Q: Why has the Church approved the use of images when the Church Council of Chalcedon (A.D. 753) condemned them as being “idolatrous and heretical, a temptation to the faith that originated with the devil”; and when Popes Gregory III and Constantine V (in 740) also condemned them?
A: You have been misled about basic historical facts by anti-Catholic propaganda. Some clarifications:
The Council of Chalcedon was held in the fifth century, not the eighth, and did not deal with sacred images at all. There was a synod around 753 that did deal with images, but in the first place, it was held in Constantinople, not Chalcedon. In the second place, while this synod was convened by a Constantine V, and while this Constantine V did oppose sacred images, he wasn’t a pope, or even a clergyman—he was the Byzantine emperor. There has never been a Pope Constantine V; only one pope has been named Constantine, and he died in 715.
The pope in 740 was St. Gregory III. It is emphatically not true that he condemned sacred images—on the contrary, he vigorously defended them. In 731 Gregory III held a synod in Rome which condemned the image-breaking heresy of Iconoclasm. In fact, Gregory III made a special point of honoring images and relics as a way of protesting Emperor Constantine V’s iconoclast efforts and persecution of those who honored sacred images. (Many devout Christians were put to death for refusing to desecrate sacred images.)
As for the so-called synod of Constantinople convened by Emperor Constantine, even before it was held it had already been rejected by the reigning pope as well as the Eastern patriarchs of Alexandria, Antioch, and Jerusalem. These patriarchs, together with the pope, refused to attend the emperor’s synod or to send legates in their places, since it was clear that the synod was merely a tool of the emperor and that the bishops were expected to simply endorse his iconoclast agenda.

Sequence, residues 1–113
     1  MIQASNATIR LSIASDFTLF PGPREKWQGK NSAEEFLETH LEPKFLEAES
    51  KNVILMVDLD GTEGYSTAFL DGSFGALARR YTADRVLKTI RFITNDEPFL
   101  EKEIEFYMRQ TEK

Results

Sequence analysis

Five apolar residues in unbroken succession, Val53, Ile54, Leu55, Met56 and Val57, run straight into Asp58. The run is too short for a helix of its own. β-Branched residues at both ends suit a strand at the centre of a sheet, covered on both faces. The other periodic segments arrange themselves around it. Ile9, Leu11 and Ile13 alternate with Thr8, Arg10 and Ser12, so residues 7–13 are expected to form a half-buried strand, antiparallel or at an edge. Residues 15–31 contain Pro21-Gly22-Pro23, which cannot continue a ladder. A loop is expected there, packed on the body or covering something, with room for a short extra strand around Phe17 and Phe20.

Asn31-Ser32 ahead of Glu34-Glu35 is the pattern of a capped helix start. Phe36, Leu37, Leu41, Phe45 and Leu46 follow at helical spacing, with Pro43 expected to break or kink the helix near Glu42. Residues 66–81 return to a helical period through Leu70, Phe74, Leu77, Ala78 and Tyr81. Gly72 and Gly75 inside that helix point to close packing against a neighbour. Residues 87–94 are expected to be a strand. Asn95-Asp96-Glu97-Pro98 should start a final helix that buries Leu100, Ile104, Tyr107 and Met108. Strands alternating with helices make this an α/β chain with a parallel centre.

Less than 50 years later, the seventh ecumenical council, Nicea II, which upheld the use of sacred images, rebutted this “mock synod” or “pseudo-synod.”
The erroneous “facts” you mention can easily be “documented” from numerous anti-Catholic websites, all of which are merely repeating claims they’ve read from other anti-Catholics without having verified them first. In their zealous hostility against the Church, anti-Catholics often ride roughshod over the most basic historical and theological points, and constant vigilance is necessary to straighten out the facts before you can even begin to address underlying theological errors.
If you’re reading arguments from someone who thinks that Constantine V was a pope rather than an emperor, or that Gregory condemned sacred images rather than defending them, don’t rely on anything that individual says. Do some homework, and don’t just take claims like this at face value.